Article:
What Minnesota will do to improve child protection services

A photograph of Eric Dean
In this photo taken July 15, 2014, in Glenwood, Minn., a photograph of Eric Dean showing him with a broken arm, rests atop a folder of exhibits presented in court and folders of documents relating to the May 2014 trial of Amanda Peltier in the death of her stepson, Eric Dean.
Jeff Wheeler/Star Tribune via AP

When Gov. Mark Dayton pulled together a task force of Minnesota's best minds around child protection this fall, it came on the heels of a tragedy. Four-year-old Eric Dean was murdered by his stepmother despite repeated warnings to child protective services by people concerned about his welfare.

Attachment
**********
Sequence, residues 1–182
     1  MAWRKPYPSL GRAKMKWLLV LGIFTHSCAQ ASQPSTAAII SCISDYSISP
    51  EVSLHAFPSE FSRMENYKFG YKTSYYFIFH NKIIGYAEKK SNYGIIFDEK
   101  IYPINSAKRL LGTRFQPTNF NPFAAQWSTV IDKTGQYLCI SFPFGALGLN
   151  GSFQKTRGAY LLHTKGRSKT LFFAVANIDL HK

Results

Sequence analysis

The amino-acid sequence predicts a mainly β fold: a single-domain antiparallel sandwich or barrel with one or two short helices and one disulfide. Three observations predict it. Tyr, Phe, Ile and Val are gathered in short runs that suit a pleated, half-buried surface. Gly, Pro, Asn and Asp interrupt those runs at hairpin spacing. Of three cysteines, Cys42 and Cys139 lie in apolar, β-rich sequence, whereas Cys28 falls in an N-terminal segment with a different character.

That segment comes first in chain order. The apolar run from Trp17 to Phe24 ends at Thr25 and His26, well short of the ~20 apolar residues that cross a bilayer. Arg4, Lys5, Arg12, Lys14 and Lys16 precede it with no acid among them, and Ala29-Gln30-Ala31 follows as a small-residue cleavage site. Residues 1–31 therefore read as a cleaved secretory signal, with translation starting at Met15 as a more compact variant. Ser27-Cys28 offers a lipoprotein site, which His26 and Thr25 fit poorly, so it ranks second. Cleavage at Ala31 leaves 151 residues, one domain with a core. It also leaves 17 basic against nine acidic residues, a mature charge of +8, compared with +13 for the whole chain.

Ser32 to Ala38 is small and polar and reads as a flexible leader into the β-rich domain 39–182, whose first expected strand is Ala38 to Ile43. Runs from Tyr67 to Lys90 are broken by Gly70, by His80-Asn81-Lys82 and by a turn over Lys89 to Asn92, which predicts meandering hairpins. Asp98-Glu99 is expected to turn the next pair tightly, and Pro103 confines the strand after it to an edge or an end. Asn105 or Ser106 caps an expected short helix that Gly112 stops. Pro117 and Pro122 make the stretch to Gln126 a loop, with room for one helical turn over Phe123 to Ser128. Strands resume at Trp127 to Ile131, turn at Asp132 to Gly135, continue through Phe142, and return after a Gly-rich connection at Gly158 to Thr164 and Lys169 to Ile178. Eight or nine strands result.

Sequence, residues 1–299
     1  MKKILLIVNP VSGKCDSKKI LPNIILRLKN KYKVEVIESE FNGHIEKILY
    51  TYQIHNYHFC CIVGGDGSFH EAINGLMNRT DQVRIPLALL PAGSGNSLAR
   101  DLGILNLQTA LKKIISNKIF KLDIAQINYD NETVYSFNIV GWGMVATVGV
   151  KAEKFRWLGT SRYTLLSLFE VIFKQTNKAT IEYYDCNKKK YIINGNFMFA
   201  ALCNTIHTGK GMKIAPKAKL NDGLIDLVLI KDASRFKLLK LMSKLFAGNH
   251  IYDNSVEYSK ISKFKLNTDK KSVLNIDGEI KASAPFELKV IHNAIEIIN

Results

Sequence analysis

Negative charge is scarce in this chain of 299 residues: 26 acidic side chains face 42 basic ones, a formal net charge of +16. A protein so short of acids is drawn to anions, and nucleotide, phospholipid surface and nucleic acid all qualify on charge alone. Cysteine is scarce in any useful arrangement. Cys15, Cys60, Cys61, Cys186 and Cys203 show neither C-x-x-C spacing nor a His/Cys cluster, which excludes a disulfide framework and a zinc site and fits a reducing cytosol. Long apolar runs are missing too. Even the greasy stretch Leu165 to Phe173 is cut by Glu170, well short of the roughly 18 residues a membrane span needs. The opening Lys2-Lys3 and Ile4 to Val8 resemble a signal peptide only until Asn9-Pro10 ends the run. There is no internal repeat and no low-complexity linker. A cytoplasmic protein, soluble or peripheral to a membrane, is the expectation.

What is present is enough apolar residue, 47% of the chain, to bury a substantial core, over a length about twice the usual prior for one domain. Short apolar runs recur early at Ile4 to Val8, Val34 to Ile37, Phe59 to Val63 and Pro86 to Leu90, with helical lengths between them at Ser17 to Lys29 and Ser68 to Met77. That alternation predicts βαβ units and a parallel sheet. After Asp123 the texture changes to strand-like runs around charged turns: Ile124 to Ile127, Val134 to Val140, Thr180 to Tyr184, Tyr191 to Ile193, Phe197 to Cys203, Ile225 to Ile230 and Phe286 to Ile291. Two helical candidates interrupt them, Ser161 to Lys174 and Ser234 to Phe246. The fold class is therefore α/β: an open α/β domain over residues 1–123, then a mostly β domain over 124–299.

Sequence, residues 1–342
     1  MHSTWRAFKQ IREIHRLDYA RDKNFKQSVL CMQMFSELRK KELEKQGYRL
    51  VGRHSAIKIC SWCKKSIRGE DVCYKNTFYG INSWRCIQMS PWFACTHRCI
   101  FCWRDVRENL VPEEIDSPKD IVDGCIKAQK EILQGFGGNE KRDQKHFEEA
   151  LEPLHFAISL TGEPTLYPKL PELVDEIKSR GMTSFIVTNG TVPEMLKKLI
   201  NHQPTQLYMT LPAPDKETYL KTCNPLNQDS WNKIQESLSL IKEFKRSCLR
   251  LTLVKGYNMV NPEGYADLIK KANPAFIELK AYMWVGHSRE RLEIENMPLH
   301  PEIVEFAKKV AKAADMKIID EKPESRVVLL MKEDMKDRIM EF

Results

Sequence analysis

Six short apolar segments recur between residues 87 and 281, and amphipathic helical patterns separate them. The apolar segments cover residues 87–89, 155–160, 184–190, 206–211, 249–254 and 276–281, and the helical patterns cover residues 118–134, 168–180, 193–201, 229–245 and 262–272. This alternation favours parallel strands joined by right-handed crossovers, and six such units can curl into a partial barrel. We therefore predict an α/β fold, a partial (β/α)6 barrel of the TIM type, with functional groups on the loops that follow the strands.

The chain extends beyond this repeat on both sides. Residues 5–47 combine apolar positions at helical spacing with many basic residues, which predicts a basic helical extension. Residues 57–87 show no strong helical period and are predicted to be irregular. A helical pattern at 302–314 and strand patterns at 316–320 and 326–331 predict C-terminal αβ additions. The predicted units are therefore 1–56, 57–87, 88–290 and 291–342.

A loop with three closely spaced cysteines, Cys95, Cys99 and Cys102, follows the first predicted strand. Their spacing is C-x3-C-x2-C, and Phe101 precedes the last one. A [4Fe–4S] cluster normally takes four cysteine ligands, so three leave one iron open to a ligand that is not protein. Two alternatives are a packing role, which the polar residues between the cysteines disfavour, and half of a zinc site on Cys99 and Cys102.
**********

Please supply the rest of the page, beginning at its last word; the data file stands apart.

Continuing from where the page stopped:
In December, that task force approved preliminary recommendations to improve the system, which has come under heavy fire for failing to prevent the deaths of vulnerable children.

The group wants to change laws, sharpen rules and improve training. It is expected to deliver final recommendations to Dayton by March, in time for the legislature to act on them.

On The Daily Circuit, we discuss how the system for protecting Minnesota children works—and how it needs to change.

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